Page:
Holy Week Devotional – What Do You Expect?

The Lord’s Day, March 25, 2018

Read Matthew 16:15-27

15“But what about you?” he asked. “Who do you say I am?”

16Simon Peter answered, “You are the Messiah, the Son of the living God.” …

…  22Peter took him aside and began to rebuke him. “Never, Lord!” he said. “This shall never happen to you!”

23Jesus turned and said to Peter, “Get behind me, Satan! You are a stumbling block to me; you do not have in mind the concerns of God, but merely human concerns.”

What Are Your Expectations?

Each day I rise with expectations, you likely do too. Maybe a heart that is hopeful for good, for success, for love, for peace, for acceptance and kindness. Do you know your expectations?

Today we mark the remembrance of Jesus “Triumphal Entry” into Jerusalem, the beginning of Holy Week, the week in which He dies. That was not what His friends expected. Rarely do we expect death – and we certainly do not invite it.

In Matthew 16:16, Peter makes an honest confession of who Jesus is – He is the Christ, the Son of the living God. A profound truth that Jesus says will be the foundation of His church, the family of God. Then a few moments later, after Jesus predicts and invites His death, Peter is contradicting the Christ and receiving a strong rebuke from the Lord.

It is mind boggling how quickly we can move from getting it right to getting it terribly wrong. From walking in step with Christ, to arguing with God, certain our way is right.

Peter had expectations of Jesus, and none of them included His death. And when Jesus signaled that He would not meet Peter’s expectations, Peter got in Jesus face and said, “Never, Lord! This shall never happen to you.”

Peter was so confident in his expectations of Jesus, who he should be, how he should live. Yet his confidence was not guided by truth, but his own desire. His desire, though seemingly kind and good, would have aborted the work of the cross, salvation, forgiveness, reconciliation to God, eternal life and glory.

Wow! I suspect it just seemed good to want Jesus to live. But Peter’s expectations were flawed. What are your expectations? Are you open to different outcomes? Are you willing to remove “should and ought” from your expectations of others? Are you open to receiving, in this moment, each moment, what God has for you – even if it is not what you expect?


Father, I welcome everything that comes to me today, because I know it’s for my healing. I let go of my desire for power and control. I let go of my expectations and surrender them to You. I am open to Your love and presence and Your action within me and in the world today. Amen.


10 Basics of Relational Wholeness

Saturday, March 24, 2018

Read Exodus 20:17 (10th Commandment)

“You shall not covet your neighbor’s house; you shall not covet your neighbor’s wife, or his male servant, or his female servant, or his ox, or his donkey, or anything that is your neighbor’s.”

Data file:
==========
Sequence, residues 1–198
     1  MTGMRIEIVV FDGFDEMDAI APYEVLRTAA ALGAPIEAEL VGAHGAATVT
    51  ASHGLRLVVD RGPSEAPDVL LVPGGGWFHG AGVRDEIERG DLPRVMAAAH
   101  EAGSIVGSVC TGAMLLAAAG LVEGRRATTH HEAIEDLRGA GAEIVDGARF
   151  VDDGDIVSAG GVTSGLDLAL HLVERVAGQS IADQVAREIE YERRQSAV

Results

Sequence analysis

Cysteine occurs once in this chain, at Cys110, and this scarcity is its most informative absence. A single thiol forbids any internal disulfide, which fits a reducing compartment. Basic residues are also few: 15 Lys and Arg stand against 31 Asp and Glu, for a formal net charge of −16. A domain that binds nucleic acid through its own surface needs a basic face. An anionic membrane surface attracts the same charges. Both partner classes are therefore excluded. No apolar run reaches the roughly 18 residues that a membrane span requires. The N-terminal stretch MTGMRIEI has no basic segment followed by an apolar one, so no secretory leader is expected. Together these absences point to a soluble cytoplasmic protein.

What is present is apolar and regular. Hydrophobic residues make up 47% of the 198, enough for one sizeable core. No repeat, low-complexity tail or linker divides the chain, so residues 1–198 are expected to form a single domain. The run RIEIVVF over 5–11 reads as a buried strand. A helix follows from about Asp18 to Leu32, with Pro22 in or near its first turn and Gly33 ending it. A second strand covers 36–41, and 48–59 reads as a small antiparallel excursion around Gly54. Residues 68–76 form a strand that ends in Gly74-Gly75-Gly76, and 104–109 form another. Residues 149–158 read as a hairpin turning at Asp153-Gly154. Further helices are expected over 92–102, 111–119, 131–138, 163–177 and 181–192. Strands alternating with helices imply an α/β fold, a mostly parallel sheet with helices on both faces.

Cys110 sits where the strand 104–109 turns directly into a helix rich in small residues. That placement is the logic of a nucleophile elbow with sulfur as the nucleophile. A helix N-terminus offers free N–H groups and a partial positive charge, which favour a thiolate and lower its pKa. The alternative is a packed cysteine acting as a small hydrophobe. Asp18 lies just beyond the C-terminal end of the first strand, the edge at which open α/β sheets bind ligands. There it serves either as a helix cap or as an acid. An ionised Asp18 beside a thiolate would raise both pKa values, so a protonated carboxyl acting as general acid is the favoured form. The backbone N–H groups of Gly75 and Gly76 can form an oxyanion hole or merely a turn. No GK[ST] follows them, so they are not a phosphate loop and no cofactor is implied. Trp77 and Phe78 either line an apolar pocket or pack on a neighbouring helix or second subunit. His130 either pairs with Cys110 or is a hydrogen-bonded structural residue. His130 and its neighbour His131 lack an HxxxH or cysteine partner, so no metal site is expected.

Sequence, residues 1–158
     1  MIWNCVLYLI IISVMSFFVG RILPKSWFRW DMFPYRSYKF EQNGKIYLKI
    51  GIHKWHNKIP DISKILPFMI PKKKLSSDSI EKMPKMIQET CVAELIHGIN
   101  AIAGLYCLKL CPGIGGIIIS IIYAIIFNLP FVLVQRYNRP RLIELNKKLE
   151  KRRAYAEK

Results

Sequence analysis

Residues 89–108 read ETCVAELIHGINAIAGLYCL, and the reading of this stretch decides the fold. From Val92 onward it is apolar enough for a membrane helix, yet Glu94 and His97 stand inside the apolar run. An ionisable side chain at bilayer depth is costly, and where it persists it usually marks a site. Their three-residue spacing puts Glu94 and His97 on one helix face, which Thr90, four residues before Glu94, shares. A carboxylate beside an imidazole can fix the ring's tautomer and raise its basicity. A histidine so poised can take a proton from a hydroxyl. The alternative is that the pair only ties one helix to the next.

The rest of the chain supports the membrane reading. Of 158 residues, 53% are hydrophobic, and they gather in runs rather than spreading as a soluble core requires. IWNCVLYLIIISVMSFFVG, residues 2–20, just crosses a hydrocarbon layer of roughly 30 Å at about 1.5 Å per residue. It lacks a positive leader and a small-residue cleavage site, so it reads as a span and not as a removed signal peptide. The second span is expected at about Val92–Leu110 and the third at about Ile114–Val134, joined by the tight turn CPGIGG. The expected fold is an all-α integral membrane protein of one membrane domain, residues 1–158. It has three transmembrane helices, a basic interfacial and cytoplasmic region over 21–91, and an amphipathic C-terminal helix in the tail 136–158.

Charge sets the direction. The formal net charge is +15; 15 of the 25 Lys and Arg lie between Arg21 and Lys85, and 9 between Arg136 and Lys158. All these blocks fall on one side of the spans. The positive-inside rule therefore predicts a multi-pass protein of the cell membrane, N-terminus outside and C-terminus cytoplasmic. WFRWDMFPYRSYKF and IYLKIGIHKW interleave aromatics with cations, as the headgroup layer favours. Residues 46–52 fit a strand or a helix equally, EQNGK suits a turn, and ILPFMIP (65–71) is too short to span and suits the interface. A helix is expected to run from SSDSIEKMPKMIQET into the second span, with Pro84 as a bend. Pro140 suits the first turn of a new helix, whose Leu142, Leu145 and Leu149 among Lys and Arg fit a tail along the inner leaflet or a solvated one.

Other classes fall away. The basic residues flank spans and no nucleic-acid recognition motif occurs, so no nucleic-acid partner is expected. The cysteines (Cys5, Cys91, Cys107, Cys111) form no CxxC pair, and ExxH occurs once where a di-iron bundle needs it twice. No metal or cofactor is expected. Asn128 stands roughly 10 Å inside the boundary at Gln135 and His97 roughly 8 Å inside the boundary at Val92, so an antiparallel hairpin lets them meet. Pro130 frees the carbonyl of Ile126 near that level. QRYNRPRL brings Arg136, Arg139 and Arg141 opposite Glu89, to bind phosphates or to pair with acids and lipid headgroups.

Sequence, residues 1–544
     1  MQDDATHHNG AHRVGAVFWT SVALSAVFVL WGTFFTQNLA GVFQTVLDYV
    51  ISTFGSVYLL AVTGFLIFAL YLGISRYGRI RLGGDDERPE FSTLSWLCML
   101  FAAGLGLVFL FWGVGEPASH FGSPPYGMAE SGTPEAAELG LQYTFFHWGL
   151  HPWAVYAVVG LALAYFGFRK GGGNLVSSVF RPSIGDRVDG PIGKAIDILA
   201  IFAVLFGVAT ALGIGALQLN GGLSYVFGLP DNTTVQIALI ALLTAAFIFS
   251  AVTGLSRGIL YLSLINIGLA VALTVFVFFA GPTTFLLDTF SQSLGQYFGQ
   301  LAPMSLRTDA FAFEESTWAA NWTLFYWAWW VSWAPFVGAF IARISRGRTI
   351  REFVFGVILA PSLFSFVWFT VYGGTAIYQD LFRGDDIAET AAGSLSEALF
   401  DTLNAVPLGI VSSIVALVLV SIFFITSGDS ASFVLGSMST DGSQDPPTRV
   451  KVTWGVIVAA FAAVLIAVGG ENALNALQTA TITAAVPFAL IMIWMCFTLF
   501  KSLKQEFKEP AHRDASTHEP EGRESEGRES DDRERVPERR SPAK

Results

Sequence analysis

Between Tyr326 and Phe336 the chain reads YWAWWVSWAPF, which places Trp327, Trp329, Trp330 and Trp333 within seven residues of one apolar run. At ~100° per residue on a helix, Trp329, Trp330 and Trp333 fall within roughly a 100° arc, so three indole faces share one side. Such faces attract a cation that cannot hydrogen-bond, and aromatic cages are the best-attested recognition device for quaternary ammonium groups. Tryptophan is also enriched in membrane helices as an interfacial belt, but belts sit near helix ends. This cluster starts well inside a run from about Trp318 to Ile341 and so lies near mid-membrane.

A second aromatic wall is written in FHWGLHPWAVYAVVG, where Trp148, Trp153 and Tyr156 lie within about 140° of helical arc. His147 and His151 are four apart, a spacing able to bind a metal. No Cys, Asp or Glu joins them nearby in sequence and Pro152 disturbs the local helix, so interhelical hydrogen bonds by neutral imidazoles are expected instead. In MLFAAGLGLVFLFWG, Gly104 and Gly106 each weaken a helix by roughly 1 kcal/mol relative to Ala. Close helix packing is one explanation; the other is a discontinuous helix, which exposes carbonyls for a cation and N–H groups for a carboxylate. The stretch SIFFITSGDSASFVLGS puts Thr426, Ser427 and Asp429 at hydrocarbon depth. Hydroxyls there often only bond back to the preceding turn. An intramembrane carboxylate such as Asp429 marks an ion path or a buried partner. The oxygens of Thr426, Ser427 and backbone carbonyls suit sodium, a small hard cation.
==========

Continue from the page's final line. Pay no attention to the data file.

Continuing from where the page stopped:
The wrongful desire to have the possessions of another – covetousness. This commandment is a summary commandment that simply speaks to a wandering heart. If your heart and mind covet, and go unchecked, then the preceding boundaries (commandments 5-9) will be broken and your neighbor’s life, house, family, marriage and business are destroyed.  This commandment speaks to the heart preceding damaging actions and challenges us to have a heart righteously oriented for the good of others.

Let’s recap the 10 … and maybe you could memorize them, with the help of your fingers, as a family this weekend.

  1. Have no other gods before Me.
  2. Do not worship images or created things, I am a jealous God.
  3. Do not carry My name in emptiness.
  4. You have the privilege of a Sabbath rest in Me, treasure it.
  5. Don’t diss your Momma or your Daddy.
  6. Don’t murder or hurt one another.
  7. Don’t be unfaithful to one another.
  8. Don’t steal from one another.
  9. Don’t lie about one another.
  10. Don’t desire your neighbor’s stuff.

Notice the relational aspects of the Ten Commandments.

Screen Shot 2018-03-23 at 11.27.12 PM

The first four are about our relationship with God, while the next six are about our relationships with one another. Clearly, a loving God who made us from a loving relationship (Father, Son and Holy Spirit) for loving relationships is concerned about the quality, character and care of our relationships. He insists that we be relationally protective of Him and one another.  As He is good to us, He commands that we be good to Him and to each other.

That’s the point. Do no harm to others. Do not relationally hurt others. Why? Because it is the antithesis of love. Hurt people hurt people, but love covers a multitude of sins. We are called, even as broken hurting people, to love one another. With our wounds and limitations, we must try to love as we have been loved. When we choose otherwise, we choose a cycle of destruction that leads to death.


Father, as we prepare to begin Holy Week, make us mindful of the boundaries you have given for our good and Your glory. May the cost of my rebellion – the suffering, humiliation and death of Jesus – lead my heart and mind to be good and kind to others, for my good and Your glory. AMEN.

I Have Nine Fingers & That’s A Lie

Friday, March 23, 2018

Read Exodus 20:16

“You shall not give false testimony against your neighbor.”

As I mentioned before, God gave us 10 Commandments and 10 fingers – I think so we could have 10 handy reminders of these 10 relational guidelines. Relationships matter to a loving, relational God. And false witness against another is anti-relational.